by Thomas Valkenet
A few weeks ago, I was a guest on a friend’s dual console Stingray. Together, we spent the early morning prepping the boat and our gear before traveling to the marina with our significant others. We thought very little of the three or four bees zipping in and around the gunwales and bimini top. We swatted several dead with whatever was handy, and tossed a can of repellent into the boat for any stray daring to show up later in the day to distract our ladies from their Summer reading. The sun was warming, and it was going to be a great day.
Is there anything more relaxing than a Saturday morning as the sun rises over the water while you prep for another lazy day of fishing and cruising? Where will it be, today, Hart Miller Island? A crab house in Rock Hall? But first, you do the usual to check out your boat and safety equipment before getting under way. And then it’s time to load up your passengers, and off you go. Simple and routine, with no surprises, right? We are all generally aware that a boat must be reasonably maintained in a safe manner for the benefit of our passengers, including safety equipment, but are you sure you checked everything?
Several hours later, we were five miles from shore cruising at a comfortable 20 knots with a pleasant wind in our hair. My friend asked me to take the wheel when he noticed a stray bee circling under the port console passenger seat. The bee was just under the gunwales where it was immune to the wind. It landed on the deck and crawled under the port console. My friend knelt down, poked his head under the console where the bee had entered and sprayed. In the time it took the bow to hit the top of the next wave, he had stood up and stumbled back toward the rear jump seat, exclaiming “oh my God!”
At that moment, a black cloud of swirling bees blossomed from under the console and filled the space between the bimini and the deck. I disengaged the drive and all four of us quickly retreated to separate corners of the boat as the boat drifted. My space was on the bow, standing on the anchor locker contemplating an early swim. The others were sitting on the extreme edges of the stern as the engine idled and the bees swirled under the bimini. And if there had been a flame thrower on board, any one of us would have torched the boat to kill the bees, I am sure of it.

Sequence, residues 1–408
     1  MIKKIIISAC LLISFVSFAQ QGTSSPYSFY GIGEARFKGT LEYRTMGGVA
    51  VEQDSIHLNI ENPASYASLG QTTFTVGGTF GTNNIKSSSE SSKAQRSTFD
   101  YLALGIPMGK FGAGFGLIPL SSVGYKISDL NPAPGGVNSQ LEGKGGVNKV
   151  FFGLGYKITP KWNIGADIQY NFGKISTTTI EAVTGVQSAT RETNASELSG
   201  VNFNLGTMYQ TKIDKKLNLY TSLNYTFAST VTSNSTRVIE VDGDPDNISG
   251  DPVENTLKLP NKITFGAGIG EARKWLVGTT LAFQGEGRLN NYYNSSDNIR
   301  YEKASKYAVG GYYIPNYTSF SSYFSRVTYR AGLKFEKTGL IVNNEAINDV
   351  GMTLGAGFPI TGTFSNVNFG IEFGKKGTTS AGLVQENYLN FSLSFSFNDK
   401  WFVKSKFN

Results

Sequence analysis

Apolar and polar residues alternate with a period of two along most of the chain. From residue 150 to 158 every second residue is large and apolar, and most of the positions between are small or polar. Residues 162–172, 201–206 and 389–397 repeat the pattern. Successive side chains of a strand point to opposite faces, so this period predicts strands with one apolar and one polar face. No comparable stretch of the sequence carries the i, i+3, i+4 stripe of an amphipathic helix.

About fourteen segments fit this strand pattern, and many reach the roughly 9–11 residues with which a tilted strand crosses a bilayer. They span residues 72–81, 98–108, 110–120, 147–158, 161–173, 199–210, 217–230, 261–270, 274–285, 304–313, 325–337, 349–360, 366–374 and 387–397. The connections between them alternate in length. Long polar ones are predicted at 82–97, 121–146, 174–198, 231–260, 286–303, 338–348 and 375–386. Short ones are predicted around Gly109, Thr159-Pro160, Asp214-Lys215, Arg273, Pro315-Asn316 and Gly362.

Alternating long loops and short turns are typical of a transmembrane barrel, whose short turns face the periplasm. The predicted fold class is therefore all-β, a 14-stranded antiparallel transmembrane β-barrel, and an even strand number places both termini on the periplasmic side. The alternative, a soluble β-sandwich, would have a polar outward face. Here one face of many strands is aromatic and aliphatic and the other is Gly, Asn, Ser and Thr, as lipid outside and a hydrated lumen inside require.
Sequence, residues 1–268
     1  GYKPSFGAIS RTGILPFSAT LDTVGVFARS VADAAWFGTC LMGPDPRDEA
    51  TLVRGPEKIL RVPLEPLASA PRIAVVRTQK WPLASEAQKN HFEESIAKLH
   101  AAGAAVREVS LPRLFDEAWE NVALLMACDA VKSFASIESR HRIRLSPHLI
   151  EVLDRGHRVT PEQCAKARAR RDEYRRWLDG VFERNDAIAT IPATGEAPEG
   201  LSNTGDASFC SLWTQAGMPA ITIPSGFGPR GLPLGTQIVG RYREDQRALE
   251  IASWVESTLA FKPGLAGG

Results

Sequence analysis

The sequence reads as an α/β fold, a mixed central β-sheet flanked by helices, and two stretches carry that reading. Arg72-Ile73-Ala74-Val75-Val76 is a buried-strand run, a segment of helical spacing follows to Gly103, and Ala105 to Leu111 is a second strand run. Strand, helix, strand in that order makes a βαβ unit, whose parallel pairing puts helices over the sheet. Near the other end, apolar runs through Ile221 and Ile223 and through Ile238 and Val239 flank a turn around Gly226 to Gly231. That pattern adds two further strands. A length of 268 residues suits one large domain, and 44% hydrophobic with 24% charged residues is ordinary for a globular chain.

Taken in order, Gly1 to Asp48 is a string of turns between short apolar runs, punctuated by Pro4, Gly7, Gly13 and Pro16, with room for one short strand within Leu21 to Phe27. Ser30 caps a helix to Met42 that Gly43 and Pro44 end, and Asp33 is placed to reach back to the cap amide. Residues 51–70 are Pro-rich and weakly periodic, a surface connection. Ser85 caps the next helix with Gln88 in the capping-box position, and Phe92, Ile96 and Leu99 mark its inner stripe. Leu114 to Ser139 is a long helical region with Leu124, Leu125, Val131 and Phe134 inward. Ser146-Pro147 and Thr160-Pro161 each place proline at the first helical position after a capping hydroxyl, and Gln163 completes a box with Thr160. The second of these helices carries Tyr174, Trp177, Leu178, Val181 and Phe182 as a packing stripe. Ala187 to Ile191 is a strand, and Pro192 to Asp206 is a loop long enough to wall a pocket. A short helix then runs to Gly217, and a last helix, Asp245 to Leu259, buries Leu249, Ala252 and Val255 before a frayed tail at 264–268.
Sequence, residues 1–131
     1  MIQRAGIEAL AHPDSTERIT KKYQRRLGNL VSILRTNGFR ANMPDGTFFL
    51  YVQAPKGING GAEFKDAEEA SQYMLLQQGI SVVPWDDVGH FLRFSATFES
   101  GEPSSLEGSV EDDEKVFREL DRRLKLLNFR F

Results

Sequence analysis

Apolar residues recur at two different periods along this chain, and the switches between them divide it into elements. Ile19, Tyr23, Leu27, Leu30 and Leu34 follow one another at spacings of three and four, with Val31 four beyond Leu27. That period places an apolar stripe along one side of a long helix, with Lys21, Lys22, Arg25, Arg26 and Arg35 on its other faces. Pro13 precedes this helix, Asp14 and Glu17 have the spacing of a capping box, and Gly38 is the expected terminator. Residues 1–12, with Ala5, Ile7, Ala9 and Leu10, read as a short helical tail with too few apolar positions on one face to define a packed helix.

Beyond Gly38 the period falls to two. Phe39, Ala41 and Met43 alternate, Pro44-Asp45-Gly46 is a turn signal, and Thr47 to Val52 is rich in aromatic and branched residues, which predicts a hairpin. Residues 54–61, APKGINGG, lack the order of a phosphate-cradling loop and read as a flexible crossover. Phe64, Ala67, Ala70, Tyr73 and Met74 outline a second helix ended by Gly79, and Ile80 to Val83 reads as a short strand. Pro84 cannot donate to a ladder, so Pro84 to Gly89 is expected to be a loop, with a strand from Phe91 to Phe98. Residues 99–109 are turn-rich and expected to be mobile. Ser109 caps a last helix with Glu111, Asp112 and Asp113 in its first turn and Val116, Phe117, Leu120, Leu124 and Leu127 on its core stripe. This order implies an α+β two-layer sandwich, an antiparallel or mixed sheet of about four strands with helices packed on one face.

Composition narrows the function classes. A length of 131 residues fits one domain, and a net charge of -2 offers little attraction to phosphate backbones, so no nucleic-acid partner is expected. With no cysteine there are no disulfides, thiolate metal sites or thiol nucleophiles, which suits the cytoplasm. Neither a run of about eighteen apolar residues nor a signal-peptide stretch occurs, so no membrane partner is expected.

All boat operators are responsible for the relative safety of their passengers. At law, it is a “duty of reasonable care.” And that means acting reasonably under the circumstances. Earlier that morning, my friend (also a lawyer) had gone through all his safety gear, counting life vests and even checking the fire extinguisher. But bees? Where do they fall along the spectrum of “reasonable care?”
I assure that none of this was on my mind while standing on the anchor locker, ready to abandon ship and leave the others to battle the black cloud. Gathering myself, we coordinated a strategy where I buttoned up my clothes and drove the boat at top cruising speed while my friend sprayed and swatted as many bees as remained with the boat. Twenty minutes later we were grounded on a beach, counting our bee stings and wondering how the day had spun so out-of-control so quickly.
Let me share what I have since learned about treating bee stings:
- Remove the stinger. But don’t pinch the stinger as that can inject more venom.
- Ask your passenger if they have a history of anaphylaxis, a potentially severe or life-threatening allergic reaction to bee stings.
- Call 911 if your passenger has difficulty breathing, faintness, hives, or a swollen tongue.
None of us were allergic, and so the damage was limited to some moderate swelling from about a dozen bee stings. My friend later pulled an eight inch honey comb out from under the console. The size of the budding nest told us that this had been under construction for a few weeks, before our first voyage. And perhaps that is what defines “reasonable care.” Perhaps the less frequently you use your boat, the more thorough the pre-voyage check for potentially harmful conditions, like unwanted critters. And I would also suggest that you know a bit about your passengers, and obvious allergies like bee stings. They may carry their own prescription EpiPen for just this event.